✪✪✪ = The book was decent, but could have been better.

Threads Writing Excerpt: The Portal

Disclaimer: The following passage is an excerpt from a work of fiction I am currently writing. It is completely unedited prose, so pardon any mistakes or things that might not make sense. Though probably not the final form of the story, feel free to let me know what you think. Please do not copy or re-post this without attributing it to me. Thank you. For more information on Threads, check out this page.

As her mind lapsed back to the conversation, she managed to only sound slightly miffed in her reply. “No, I’m looking into some other options. Really, I just want to be anywhere but here.”

“I hear that! I’m sure you can do whatever it is you want to do, too.” said Shannon, and the two fell silent but for the clicking of Shannon’s heels on the concrete. Fay glanced down at her own flats and wondered if she’d feel more potent and professional if her shoes made that sound. It seemed that all the really professional, well-kept women wore noisy footwear.  Finally reaching Shannon’s car, the woman veered off and waved a few fingers in Fay’s direction while calling, “Have a good one!”

This time, Fay’s reply was genuine. She wished Shannon a good evening in turn, and walked on to her own car with a warmer feeling in her chest than when she’d left. This woman that didn’t know her that well seemed to have faith in her, and she thought that maybe that meant something. Maybe fate had something more in store for her than just typing numbers into a computer all day.

Plopping down in the driver’s seat and wrestling her bags across the steering wheel, Fay buckled her seatbelt and started the car. The engine came to life with less than a purr, but it was still sturdy and got her where she needed to go. She had a fondness for the car she’d had for a while now, and was loathe to pursue another one until the current was rendered useless. She easily dropped into the dreamlike state of the commuter, with her elbow propped on car door, her hand cradling her head as she leaned to the left.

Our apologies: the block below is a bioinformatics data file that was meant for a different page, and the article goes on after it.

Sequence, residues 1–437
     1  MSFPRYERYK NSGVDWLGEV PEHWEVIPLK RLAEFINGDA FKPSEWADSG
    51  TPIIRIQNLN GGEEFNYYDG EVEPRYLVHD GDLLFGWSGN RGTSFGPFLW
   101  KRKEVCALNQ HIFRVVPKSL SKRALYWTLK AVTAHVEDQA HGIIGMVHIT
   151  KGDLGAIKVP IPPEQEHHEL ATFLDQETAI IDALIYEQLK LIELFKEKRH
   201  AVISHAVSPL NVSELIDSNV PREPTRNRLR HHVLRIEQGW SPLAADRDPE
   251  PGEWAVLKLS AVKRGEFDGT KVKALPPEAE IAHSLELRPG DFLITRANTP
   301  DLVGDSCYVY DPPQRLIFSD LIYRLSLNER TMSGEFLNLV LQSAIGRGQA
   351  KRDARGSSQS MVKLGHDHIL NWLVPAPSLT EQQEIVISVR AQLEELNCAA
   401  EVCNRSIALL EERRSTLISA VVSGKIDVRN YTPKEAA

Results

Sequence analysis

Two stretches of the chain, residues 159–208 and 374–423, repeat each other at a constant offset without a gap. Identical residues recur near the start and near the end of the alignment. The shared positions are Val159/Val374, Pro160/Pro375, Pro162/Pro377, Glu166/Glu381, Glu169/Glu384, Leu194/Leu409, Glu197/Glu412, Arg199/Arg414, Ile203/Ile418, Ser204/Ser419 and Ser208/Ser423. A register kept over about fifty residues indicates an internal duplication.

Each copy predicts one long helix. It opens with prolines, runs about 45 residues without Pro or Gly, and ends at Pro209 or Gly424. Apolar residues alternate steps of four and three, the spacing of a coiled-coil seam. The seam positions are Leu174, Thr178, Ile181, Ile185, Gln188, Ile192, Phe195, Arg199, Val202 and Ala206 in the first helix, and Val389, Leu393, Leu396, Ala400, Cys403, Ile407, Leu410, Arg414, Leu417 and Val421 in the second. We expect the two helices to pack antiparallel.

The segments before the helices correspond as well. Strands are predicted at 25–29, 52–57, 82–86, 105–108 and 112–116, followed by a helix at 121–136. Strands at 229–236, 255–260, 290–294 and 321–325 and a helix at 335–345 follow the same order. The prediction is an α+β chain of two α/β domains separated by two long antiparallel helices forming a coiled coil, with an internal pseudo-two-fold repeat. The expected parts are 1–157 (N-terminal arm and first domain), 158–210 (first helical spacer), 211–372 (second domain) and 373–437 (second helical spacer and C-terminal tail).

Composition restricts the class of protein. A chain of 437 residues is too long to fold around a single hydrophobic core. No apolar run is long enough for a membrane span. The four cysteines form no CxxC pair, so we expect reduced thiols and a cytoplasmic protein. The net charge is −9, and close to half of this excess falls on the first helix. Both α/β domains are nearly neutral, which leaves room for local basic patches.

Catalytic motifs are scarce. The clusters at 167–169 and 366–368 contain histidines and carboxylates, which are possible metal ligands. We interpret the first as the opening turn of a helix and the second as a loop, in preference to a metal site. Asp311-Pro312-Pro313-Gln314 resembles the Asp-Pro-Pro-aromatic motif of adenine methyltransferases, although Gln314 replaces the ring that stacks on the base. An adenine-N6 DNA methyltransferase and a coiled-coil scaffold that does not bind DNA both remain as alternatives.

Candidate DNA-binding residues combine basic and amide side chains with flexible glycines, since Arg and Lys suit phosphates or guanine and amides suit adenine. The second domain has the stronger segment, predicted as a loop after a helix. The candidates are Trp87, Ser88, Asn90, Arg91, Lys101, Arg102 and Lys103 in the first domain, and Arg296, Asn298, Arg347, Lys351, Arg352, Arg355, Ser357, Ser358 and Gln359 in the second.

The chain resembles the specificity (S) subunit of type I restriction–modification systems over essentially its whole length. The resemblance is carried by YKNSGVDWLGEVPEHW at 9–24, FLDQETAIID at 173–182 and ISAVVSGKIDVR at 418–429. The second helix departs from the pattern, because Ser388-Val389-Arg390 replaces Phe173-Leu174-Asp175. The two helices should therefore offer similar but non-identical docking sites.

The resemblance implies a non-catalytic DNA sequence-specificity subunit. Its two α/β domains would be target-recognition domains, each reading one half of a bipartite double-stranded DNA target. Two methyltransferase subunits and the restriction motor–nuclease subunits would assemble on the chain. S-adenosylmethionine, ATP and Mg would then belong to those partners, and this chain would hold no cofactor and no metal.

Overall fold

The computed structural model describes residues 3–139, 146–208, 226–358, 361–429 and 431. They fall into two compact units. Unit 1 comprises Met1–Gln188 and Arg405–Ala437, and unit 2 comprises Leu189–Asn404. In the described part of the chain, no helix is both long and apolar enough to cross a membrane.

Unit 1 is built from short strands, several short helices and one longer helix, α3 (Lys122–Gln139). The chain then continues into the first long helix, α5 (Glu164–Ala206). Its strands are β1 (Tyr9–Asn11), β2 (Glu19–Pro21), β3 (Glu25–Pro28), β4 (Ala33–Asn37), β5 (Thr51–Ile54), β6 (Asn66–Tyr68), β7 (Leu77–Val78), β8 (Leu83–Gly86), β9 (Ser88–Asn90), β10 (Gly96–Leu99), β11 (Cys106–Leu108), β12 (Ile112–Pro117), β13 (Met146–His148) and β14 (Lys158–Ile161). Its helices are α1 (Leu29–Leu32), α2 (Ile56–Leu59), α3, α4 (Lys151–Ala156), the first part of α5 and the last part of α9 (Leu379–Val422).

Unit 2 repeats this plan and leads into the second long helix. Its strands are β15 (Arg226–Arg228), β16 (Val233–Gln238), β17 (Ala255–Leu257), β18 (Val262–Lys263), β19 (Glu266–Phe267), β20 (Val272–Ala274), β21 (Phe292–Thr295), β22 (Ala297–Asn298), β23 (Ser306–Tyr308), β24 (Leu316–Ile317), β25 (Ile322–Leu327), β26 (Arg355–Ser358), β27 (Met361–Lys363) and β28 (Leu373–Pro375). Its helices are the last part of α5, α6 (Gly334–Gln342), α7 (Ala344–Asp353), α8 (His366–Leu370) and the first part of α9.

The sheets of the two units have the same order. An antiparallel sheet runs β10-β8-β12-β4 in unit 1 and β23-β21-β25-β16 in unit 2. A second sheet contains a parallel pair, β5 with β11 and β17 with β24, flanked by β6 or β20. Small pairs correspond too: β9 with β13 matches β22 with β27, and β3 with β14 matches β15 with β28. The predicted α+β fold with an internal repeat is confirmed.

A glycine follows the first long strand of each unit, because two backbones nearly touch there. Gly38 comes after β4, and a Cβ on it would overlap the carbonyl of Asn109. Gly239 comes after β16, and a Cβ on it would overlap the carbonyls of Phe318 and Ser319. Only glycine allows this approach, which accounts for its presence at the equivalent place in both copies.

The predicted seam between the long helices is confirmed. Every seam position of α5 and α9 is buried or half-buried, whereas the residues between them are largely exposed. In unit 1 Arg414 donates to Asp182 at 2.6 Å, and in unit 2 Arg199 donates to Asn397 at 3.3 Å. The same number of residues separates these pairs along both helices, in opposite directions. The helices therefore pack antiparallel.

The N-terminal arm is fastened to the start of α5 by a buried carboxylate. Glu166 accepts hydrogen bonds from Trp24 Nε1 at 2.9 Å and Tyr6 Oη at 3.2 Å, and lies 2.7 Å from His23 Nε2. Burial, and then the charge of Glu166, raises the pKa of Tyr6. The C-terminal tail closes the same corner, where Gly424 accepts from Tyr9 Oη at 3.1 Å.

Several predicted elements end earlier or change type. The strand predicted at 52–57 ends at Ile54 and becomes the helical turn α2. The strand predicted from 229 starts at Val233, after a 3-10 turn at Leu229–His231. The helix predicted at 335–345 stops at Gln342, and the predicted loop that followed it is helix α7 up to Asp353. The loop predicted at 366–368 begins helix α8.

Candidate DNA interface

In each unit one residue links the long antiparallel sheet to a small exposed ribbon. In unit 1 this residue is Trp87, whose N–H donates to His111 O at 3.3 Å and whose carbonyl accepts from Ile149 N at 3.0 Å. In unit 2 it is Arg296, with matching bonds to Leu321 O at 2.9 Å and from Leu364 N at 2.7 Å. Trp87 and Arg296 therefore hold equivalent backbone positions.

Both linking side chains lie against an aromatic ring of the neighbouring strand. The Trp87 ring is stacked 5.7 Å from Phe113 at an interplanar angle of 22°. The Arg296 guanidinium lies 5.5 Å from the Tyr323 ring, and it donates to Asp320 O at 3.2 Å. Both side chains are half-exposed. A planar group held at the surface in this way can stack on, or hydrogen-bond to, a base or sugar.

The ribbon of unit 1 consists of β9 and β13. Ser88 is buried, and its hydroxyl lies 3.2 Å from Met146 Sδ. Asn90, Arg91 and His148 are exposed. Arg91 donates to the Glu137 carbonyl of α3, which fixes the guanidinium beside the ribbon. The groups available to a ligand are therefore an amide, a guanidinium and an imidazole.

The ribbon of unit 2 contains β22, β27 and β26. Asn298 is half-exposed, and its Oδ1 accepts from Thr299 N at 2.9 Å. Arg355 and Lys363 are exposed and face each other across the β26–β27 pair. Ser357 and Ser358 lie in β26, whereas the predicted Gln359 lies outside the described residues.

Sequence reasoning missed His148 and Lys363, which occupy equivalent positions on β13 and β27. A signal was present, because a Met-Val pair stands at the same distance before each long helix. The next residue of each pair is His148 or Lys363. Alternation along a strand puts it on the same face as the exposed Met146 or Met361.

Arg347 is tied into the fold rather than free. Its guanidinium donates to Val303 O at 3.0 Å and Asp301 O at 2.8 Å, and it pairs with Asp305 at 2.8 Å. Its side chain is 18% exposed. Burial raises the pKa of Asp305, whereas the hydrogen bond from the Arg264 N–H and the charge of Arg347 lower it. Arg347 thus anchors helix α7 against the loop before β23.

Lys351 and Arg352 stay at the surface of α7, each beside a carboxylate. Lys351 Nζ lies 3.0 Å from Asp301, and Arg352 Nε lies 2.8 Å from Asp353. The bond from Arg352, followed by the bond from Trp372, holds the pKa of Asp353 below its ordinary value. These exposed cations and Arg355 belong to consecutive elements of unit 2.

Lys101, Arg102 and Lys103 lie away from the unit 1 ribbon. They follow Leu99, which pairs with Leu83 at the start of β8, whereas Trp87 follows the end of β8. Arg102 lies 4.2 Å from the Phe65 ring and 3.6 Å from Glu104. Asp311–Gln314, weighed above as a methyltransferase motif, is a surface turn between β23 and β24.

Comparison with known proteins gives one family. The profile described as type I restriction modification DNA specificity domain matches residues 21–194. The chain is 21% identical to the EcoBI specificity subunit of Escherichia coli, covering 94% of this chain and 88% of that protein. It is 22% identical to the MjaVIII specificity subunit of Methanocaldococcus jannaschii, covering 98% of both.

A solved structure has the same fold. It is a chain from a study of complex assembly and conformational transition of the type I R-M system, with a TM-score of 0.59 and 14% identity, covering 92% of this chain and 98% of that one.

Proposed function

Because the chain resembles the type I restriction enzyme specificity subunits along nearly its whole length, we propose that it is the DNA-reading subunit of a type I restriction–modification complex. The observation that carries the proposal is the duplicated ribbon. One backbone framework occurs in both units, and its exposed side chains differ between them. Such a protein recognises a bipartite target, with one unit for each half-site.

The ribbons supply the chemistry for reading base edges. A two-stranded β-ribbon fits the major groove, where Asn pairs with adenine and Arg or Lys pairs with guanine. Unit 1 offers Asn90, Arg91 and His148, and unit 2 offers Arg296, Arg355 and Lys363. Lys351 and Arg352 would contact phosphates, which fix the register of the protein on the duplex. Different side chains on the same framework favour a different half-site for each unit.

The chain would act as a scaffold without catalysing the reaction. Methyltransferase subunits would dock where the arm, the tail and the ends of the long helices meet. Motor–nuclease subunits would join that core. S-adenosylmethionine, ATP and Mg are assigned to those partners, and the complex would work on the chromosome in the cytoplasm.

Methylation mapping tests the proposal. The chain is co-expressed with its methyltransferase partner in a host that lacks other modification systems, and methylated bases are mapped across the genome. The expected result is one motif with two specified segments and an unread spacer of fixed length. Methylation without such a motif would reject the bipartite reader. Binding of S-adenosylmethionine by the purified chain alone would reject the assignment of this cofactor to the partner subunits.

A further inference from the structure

The drive home was mercifully short, even if the scenery was beautiful as the trees were at their peak of autumn glamor. The sunset’s light on their upper branches seemed to set them ablaze, the reds and oranges glowing vibrantly. This was Fay’s favorite time of year, and the time of year that reminded her most of where she’d grown up. She’d never really left the area she was originally from, only moving to the nearby big city for college and remaining there afterward. Fall had a way of making her miss the small town of her youth, and the comforts she could find there. As she pulled into her parking space in front of her apartment, she finally snapped out of her reverie.

After climbing the stairs and fumbling with the key in the lock, Fay heard the unmistakable noises of a ecstatic canine. She opened the door carefully, smiling at the small blur of excitement that rocketed around her living room, yelping happily. Coming home to a happy dog made it hard to remain upset, and soon Fay laughed at the little animal’s antics. Setting down her bag, she scooped the warm, wriggling Chihuahua up in her arms.

“Hey there, Vy. How are you, little girl?” She cooed at the dog, who responded by licking her chin and letting loose and chirping trill. Sometimes Fay thought Violet was more a parakeet than a Chihuahua.

She put Violet down, then attatched her leash and prepared to go outside. The dog pranced happily out the door, hopping down the steps. Fay didn’t lock the door; there wasn’t a need as she’d be back in about three minutes. Plus, she figured that only the most desperate thieves would actually see any of her things as worth taking. Fay tightened her coat as she waited for Violet to sniff each individual blade of grass in order to find the perfect one to christen with her pee.